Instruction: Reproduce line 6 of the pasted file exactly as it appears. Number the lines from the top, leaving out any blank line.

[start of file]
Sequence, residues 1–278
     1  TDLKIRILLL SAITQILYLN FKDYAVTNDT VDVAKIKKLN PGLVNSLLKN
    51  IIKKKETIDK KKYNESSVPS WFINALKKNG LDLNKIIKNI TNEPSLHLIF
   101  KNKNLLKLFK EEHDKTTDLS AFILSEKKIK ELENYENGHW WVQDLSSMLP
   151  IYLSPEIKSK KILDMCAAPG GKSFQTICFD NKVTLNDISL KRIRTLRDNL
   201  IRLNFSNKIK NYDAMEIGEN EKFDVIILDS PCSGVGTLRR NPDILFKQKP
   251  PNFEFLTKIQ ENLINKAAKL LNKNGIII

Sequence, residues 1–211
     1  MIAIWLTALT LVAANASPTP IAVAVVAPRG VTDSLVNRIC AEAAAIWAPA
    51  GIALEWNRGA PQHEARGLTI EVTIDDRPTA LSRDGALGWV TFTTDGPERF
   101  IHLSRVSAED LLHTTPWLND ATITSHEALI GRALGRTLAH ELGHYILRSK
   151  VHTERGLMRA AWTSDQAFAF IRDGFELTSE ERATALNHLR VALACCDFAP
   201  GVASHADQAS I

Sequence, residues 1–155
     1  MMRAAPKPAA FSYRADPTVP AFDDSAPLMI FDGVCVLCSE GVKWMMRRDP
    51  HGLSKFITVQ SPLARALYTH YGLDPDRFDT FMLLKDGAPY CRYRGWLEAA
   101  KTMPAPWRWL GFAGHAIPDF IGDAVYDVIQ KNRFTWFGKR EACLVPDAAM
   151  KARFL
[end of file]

   201  IRLNFSNKIK NYDAMEIGEN EKFDVIILDS PCSGVGTLRR NPDILFKQKP